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Jacqueline Saulsberry, a service coordinator at the Illinois Eye Institute, gathers information from patient Shameka Lewis-Coolidge during an appointment in Chicago. More than 100 nonprofits and related organizations have been recruited by the federal government as “navigators” who can assist the 30 million uninsured people gaining coverage under the Affordable Care Act. M. Spencer Green/AP

To discourage folks from signing up for coverage on the Obamacare exchanges, Republican lawmakers in several states have pushed through bills making it difficult for people to get free help from specially trained “navigators” authorized by the Affordable Care Act.

At the top of the list of special interest groups supporting such legislation: groups representing insurance agents and brokers, who, of course, charge for their services. They view the navigators as a threat to their income.

Nowhere have the agents and brokers found more friends than in the Missouri legislature, which last summer passed a bill making it unlawful for anyone other than a licensed agent or broker to give advice to any state resident about choosing a health plan.

As I wrote last June, Missouri lawmakers passed the bill even though it was in apparent violation of federal law, which states that individuals and organizations that complete a certain level of training can serve as navigators to help people choose plans that are best suited for them. Lobbyists for agents and brokers weren’t happy that the federal law doesn’t require navigators to be state-licensed, and they really weren’t happy with the part requiring that navigators’ services be free to consumers and small businesses. While navigators cannot actually sign someone up for coverage as agents and brokers can do, they can help folks complete eligibility and enrollment forms, and provide unbiased information about available options.

In a big win for consumers in Missouri and elsewhere, a federal court in Kansas City late last month blocked the GOP-sponsored law, ruling that it was indeed a violation of federal law.

“The Court is of the view that any attempt by Missouri to regulate the conduct of those working on behalf of the (federally operated health insurance exchange) is preempted,” wrote U.S. District Judge Ortie Smith.

Ironically, had state GOP lawmakers allowed Missouri to set up and run its own exchange, their anti-navigator law might have passed the court’s muster.

“The ACA provides states an opportunity to create exchanges,” Judge Smith wrote. “It also provides an avenue for states and HHS (the U.S. Department of Health and Human Services) to jointly operate an exchange. Missouri has opted not to be in the health insurance exchange business. Having made the choice to leave the operation of the exchange to the federal government, Missouri cannot choose to impose additional requirements or limitations on the exchange.”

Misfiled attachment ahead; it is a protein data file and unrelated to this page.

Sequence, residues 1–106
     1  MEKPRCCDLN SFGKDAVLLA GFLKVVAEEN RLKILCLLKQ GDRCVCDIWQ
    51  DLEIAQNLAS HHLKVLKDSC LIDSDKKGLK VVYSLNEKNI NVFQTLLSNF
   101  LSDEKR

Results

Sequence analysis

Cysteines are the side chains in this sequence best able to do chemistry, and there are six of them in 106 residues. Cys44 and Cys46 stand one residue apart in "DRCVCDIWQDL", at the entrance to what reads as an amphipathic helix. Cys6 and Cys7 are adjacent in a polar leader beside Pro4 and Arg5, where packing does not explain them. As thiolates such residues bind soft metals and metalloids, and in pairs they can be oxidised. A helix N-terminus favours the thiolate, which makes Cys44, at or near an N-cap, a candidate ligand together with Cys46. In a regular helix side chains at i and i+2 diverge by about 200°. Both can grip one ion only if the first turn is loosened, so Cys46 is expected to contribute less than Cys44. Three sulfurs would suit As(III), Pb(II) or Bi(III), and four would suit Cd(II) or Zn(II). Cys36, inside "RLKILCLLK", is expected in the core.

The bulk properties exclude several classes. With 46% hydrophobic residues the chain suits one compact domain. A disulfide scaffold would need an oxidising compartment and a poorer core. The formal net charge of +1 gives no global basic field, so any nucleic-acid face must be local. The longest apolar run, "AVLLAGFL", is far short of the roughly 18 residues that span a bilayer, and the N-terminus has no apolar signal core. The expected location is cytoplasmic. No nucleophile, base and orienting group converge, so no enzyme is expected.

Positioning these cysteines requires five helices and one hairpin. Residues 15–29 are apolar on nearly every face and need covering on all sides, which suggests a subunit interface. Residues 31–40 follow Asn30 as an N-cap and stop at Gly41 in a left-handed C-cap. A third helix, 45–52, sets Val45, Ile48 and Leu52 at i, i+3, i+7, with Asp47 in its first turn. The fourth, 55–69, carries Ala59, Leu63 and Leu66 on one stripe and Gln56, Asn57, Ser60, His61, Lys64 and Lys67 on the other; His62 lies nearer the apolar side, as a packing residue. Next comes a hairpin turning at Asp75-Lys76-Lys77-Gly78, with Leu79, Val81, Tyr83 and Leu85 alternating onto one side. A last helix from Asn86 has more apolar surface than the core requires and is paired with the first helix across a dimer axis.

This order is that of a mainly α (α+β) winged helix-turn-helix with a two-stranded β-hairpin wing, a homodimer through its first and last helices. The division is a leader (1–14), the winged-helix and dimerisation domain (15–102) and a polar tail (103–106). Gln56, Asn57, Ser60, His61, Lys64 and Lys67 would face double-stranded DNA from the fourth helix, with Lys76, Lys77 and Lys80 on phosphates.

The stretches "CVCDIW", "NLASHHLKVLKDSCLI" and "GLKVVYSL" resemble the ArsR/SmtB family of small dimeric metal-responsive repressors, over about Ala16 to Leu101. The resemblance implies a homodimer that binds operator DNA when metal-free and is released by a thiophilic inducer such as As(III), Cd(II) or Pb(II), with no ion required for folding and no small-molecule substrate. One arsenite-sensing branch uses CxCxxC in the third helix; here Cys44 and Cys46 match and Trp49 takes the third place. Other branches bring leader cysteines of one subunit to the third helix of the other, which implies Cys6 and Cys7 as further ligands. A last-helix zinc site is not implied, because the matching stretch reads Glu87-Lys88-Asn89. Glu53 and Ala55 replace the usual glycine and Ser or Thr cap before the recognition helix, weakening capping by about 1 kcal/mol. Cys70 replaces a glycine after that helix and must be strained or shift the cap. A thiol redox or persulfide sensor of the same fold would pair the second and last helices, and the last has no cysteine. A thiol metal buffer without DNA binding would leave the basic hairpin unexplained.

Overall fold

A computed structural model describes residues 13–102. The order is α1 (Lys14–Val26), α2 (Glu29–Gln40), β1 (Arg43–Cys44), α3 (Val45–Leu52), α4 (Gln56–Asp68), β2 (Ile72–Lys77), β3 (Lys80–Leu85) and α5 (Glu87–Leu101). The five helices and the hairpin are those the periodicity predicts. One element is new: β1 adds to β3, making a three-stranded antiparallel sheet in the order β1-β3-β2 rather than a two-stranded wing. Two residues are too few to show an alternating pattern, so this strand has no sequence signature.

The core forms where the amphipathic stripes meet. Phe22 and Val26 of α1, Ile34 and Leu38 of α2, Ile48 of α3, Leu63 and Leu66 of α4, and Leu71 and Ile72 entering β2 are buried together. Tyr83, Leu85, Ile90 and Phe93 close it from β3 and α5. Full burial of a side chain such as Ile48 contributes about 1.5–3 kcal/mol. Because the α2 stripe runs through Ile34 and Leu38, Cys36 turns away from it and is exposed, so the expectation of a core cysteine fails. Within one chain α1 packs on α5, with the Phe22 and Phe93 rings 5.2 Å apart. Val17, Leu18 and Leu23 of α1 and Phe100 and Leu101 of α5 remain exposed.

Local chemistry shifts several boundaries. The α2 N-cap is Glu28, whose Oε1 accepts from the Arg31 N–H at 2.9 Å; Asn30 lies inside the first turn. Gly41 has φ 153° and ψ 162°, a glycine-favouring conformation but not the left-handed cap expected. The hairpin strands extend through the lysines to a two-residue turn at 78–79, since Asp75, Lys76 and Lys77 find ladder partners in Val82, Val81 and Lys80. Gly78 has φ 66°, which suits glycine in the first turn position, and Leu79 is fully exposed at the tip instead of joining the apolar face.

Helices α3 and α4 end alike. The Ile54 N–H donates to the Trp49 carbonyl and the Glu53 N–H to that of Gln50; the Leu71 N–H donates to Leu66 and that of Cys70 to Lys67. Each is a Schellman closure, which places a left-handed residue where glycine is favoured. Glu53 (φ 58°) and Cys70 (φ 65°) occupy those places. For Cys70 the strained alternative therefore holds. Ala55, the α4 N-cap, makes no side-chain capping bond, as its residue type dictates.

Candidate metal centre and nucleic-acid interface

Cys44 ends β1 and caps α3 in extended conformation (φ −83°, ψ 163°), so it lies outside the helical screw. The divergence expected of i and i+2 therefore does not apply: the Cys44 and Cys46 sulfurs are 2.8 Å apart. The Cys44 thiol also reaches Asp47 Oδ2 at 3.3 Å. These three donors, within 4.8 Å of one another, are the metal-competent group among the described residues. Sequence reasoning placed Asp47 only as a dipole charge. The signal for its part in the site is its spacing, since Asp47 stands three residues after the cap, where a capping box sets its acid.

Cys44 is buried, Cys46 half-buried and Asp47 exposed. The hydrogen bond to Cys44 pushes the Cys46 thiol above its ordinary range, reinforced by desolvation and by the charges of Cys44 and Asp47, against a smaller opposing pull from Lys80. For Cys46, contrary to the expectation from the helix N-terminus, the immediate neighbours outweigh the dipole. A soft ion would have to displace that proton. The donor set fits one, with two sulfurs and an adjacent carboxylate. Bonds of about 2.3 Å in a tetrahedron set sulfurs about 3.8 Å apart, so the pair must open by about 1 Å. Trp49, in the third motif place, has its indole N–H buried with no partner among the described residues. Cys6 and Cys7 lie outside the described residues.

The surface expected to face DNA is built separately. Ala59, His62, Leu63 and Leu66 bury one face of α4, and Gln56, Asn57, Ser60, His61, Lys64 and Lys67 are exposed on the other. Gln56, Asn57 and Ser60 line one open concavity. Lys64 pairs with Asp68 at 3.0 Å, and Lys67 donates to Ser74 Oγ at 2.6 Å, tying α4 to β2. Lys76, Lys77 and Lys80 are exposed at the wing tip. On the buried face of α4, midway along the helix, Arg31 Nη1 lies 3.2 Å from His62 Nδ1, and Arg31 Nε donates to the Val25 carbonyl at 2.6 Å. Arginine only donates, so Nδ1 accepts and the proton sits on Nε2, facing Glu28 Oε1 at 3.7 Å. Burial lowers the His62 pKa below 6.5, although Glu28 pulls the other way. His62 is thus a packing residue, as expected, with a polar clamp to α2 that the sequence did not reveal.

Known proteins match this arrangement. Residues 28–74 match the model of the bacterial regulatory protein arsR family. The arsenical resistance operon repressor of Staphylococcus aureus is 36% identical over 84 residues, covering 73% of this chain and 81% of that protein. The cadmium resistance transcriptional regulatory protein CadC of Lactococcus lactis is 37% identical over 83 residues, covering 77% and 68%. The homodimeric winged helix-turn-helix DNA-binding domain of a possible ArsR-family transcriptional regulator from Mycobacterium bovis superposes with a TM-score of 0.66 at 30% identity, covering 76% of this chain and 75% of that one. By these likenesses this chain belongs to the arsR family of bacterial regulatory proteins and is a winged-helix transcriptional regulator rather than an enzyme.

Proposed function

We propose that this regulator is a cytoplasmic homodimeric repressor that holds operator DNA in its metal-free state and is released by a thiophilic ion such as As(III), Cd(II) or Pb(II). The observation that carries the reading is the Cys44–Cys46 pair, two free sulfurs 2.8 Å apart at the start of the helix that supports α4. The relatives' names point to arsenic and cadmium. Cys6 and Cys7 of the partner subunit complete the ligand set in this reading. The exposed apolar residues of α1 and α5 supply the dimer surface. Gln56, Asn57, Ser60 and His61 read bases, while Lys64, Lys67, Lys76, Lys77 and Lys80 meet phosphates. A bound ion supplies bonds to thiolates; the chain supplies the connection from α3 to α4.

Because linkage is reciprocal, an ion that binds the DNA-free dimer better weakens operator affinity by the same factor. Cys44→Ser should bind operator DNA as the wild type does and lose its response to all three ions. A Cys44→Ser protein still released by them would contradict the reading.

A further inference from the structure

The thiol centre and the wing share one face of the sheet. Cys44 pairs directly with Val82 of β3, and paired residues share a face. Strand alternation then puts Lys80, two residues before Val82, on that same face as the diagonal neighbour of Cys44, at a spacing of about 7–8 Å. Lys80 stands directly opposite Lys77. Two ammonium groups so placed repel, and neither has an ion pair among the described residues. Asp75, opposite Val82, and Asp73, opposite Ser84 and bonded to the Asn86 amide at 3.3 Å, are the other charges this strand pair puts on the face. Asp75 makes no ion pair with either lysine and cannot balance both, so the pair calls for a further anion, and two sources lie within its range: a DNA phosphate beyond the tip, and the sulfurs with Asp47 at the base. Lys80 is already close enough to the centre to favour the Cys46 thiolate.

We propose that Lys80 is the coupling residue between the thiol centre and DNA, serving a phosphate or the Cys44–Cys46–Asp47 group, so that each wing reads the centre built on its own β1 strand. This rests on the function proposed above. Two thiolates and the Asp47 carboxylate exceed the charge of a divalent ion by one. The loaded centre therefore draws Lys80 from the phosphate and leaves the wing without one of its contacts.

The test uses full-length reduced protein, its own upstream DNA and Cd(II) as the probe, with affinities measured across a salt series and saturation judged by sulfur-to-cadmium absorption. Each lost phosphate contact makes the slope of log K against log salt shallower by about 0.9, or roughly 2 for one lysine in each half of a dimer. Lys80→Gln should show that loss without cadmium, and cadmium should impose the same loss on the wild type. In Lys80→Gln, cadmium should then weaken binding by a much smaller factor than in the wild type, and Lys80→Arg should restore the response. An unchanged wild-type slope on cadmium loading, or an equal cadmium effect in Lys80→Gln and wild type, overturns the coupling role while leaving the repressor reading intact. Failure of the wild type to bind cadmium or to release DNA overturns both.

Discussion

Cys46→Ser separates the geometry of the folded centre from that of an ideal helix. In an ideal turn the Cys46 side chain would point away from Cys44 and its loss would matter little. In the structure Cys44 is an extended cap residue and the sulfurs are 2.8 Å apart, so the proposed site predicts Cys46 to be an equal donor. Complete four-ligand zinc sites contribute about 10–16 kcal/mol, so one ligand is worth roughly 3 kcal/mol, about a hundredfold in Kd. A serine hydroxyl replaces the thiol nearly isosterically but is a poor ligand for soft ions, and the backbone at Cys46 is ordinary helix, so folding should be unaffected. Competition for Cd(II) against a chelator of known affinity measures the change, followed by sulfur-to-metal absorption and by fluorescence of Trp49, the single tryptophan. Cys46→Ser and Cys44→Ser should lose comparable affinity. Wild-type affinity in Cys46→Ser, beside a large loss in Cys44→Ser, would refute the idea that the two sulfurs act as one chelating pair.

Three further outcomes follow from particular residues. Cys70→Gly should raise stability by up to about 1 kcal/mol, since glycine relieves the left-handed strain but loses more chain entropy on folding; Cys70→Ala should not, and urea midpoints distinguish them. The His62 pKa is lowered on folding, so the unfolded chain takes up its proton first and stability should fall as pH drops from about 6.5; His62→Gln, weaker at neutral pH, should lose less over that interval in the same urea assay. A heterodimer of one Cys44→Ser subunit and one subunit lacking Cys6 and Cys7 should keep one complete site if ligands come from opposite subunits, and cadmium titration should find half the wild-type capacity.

While the ruling was specific to Missouri, it is expected to have ramifications in states that passed similar laws. And don’t expect Missouri to challenge Judge Smith: both Missouri Governor Jay Nixon and Attorney General Chris Koster are Democrats. The only comment Missouri Insurance Commissioner John M. Huff , a Nixon appointee, has made is that his department is reviewing the ruling.

The state’s agents and brokers, however, are not ready to throw in the towel. Clearly anticipating that Nixon and Koster would not appeal Smith’s ruling, the Missouri Association of Independent Agents a few days ago filed a “motion to intervene” in the case. This means that MAIA wants the court to recognize it as a party in the case so that it will have legal standing to challenge the ruling.

If you read deep into MAIA’s filing, you will find all the evidence you need of what this is really about: money. On page 10 of the group’s 13-page motion is this: “The interests of MAIA and its members are of a different quality than those of the Defendant (the state of Missouri), involving potential direct economic harm and the ability of MAIA members to serve insurance consumers.”

MAIA and its allies are not putting all their eggs in the judicial basket, though. They’re once again trying to protect the economic interests of agents and brokers in the Republican-controlled Missouri legislature. And once again they’re making some headway.

Last week two new bills that would benefit agents and brokers advanced in the state senate. One would require navigators to take a state-approved exam and undergo a background check. The other would allow people to sue navigators for up to $50,000 for unlawfully disclosing personal information about them. The Republican sponsors of the bills said they wanted to protect Missourians from fraud. Democrats responded that the bills were just new attempts to erect barriers for people trying to buy health care on the exchange.

Undoubtedly one of the reasons GOP lawmakers are interested in protecting the agents and brokers from any “economic harm” is their willingness to open their checkbooks for Republican candidates during campaign season. According to the National Institute on Money in State Politics, 75% of the contributions MAIA made through its political action committee went to Republicans in 2012, with 85% of its contributions going to incumbents the group wanted to see reelected. Pretty good evidence of how things really work in the “Show_Me” state.

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